As an added bonus the town was having a town wide garage sale on the green.
We looked at all the tables, we had a great time. Bought a hot dog snack. I found some vintage lace at a very nice price.
Now we were off to the National Historic Site
Ninety Six National Historic Site is an area of unique historical and archeological significance. The unusual name was given by Charleston traders in the early 1700's because they thought it was the estimated remaining number of miles from here to the Cherokee village of Keowee in the upper South Carolina foothills.
By the mid-1700's, European colonists found it a favorable place to settle. During Ninety Six's early days, troubles with local Indians increased.In 1760, Cherokees twice attacked Fort Ninety Six, built for the settlers' protection. Located at the crossroads of twelve roads and paths, Ninety Six village reached its peak in the 1770's.This important backcountry town boasted a growing population, 12 houses, taverns and shops.At the newly constructed courthouse and jail, court cases were heard twice each year in April and November.Ninety Six proved to be a strategic location in the Revolutionary War.The first land battle south of New England was fought here in 1775.Later in the war, Ninety Six figured prominently in the Southern Campaign of the American Revolution.In 1780, the British fortified the strategically important frontier town. From May 22 - June 18, 1781 Major General Nathanael Greene with 1,000 patriot troops staged the longest field siege of the Revolutionary War against 550 loyalists who were defending Ninety Six. The earthen Star Fort remains as one of the best preserved examples of an original 18th century fortification.
Today would be his 50th badge
This amazes me
As many as 100 loyalist families took refuge in the town of 96 during the 1781 siege. They had to suffer the same hardships and disease as the Loyalist soldier. After the battle many families followed the British Army to Charleston, never to return to 96.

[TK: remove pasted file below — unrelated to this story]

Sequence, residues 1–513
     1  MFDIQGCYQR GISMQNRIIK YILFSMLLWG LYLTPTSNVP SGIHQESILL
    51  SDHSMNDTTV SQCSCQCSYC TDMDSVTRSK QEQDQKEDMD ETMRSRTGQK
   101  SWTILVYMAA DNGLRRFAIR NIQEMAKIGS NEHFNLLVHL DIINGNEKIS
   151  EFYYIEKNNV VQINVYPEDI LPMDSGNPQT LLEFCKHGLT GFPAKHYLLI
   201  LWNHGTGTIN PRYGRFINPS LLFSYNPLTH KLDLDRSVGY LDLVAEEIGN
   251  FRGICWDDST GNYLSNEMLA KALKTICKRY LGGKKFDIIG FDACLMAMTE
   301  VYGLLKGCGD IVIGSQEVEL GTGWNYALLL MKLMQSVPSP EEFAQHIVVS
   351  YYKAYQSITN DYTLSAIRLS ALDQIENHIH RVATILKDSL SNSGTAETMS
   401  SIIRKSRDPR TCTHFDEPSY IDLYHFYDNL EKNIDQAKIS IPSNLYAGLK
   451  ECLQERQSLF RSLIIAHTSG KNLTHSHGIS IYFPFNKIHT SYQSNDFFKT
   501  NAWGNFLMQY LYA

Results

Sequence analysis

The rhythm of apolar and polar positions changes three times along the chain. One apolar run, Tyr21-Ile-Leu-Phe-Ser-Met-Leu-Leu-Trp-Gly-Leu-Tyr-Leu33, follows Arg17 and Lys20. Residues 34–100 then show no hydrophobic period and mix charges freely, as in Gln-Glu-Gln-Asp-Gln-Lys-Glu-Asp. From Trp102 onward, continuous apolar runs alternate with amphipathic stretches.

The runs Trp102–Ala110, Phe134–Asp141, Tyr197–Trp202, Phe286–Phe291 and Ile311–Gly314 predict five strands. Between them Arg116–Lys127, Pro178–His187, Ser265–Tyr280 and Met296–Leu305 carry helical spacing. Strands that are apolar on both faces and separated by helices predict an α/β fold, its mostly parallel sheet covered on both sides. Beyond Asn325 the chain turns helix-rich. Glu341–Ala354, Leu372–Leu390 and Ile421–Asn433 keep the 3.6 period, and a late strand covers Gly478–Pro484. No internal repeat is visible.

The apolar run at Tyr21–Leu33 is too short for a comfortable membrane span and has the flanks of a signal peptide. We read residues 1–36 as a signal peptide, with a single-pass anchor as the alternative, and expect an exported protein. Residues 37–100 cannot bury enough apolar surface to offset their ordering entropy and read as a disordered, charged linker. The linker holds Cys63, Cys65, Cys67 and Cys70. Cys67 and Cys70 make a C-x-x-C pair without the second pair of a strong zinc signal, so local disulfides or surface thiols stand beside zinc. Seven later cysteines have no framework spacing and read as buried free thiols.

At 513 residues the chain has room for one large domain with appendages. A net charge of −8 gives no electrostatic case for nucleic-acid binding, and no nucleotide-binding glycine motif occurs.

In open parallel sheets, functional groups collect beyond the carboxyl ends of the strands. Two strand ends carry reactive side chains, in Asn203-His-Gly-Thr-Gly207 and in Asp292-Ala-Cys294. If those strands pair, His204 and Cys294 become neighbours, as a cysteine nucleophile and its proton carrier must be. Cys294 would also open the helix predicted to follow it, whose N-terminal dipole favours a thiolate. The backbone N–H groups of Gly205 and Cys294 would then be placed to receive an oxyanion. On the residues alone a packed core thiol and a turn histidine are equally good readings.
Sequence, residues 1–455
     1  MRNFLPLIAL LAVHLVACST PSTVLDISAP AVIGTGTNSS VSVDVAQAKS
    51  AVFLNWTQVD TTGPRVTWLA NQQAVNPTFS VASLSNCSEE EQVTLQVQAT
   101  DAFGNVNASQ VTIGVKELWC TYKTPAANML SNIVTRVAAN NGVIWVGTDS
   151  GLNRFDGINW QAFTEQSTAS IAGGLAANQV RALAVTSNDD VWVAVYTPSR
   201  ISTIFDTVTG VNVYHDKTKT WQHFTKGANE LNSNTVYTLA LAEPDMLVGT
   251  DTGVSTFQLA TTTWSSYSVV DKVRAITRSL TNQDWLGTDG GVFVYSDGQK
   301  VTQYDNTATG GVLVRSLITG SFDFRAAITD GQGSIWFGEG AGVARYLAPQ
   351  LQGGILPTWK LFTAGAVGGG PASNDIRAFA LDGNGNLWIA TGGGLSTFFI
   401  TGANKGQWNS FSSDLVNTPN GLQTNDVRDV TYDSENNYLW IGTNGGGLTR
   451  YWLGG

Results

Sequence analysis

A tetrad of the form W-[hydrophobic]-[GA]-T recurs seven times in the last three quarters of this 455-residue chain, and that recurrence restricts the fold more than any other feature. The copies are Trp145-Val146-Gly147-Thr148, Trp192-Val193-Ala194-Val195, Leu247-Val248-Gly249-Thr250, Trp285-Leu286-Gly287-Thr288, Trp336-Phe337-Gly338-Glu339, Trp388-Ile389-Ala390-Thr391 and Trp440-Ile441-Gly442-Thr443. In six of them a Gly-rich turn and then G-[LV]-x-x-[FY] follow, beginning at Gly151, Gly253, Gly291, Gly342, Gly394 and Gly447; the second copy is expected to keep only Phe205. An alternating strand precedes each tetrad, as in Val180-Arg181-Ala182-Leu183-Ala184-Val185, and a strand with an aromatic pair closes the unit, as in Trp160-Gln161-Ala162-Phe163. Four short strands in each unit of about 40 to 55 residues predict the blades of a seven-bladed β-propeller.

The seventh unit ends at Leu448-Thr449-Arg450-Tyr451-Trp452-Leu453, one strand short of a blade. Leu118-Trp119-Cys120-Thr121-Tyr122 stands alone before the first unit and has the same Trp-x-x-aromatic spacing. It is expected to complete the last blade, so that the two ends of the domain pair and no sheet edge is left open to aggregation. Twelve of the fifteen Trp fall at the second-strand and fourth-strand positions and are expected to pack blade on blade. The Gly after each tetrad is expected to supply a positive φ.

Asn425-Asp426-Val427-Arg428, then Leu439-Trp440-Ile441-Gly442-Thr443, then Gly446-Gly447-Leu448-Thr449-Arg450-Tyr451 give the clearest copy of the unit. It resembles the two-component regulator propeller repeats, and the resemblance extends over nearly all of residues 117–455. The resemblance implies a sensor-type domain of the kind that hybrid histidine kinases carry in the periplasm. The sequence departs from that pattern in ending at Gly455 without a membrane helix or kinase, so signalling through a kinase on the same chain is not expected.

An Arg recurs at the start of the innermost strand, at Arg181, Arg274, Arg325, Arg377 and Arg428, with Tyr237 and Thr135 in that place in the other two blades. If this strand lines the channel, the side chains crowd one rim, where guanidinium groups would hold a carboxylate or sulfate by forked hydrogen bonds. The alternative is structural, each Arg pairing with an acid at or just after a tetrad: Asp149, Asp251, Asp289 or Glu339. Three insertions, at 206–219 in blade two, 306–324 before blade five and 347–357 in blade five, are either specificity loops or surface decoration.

The quiet field before you was the site of the once-thriving 1700s town of Ninety Six. In 1781 it had about a dozen homes, a courthouse, and a jail. When Lieutenant Colonel Cruger arrived in 1780, he fortified it against attack. One visitor observed, "Its houses, which were intierly [sic] wood, were comprised within a stockade. The commandant immediately set the garrison, both officers and men, to work to throw up a bank, parapet high, around the stockade, and to strengthen it with abatis."
During the siege of 1781, many Loyalist families from the backcountry, fleeing from Greene's advancing Patriot army, took refuge in the fortified town. Packed into the stockaded village, already filled with Cruger's troops and sick or wounded soldiers carried out from the Star Fort, these refugees lived in constant fear of Patriot gunfire and dwindling food and water supplies.After the Patriot's defeat, Cruger was ordered to evacuate the town. The British command decided that Ninety Six was too far from Charleston and too deep in hostile territory to be of further value to their cause. So in July 1781, Cruger's men, with Loyalist families in tow, abandoned the village and burned it to the ground, denying Patriots further use of the site
One of the last signs
Beautiful and peaceful
Water sources were very important to a town. They used Spring Creek to haul water into the town. Hauling water has never been my favorite thing.
The shadow figures are throughout the park
Stratford Hall was the home of Light Horse Henry Lee.
Built by Andrew Logan in the late 1700s, this well preserved example of a log house of that time was discovered in nearby Greenwood. The historic stricture has been hidden under siding and obscured by alterations from a much later period. Realizing its value as an extraordinary artifact, the Star Fort Commission, which managed this site before the National Park Service, had it moved here in 1968.
The two-story house of logs and chinking mortar is typical of colonial-era backcountry buildings. A fireplace would have been used for heat and cooking, furniture would have been scant and simply, and animals might have been quartered in a side-yard pen. The Logan Log House is now used for living history programs.
The interior of the cabin.
The outdoor oven.
Lon in the stocks.
Getting his Jr. Ranger badge! Taking the oath. It as good to get back into getting them!
The squirrel. We love squirrels
It was time to head on home.
We did not see a place to eat in Saluda or the next town. When we came across this place we were hungry and wanted to stop! It was not bad.
Yep, there were deer heads hanging on the wall!
Lon got pancakes, Mark got fried chicken and I had the burger.
Old buildings. Love these
If you look really close, you can see donkeys! We thought they were cows at first but they were donkeys! Of course then we started talking about Donkey and Shrek.
These are cows
We had a great day. It was really fun to go on a little day trip! Perfect weather, and great company!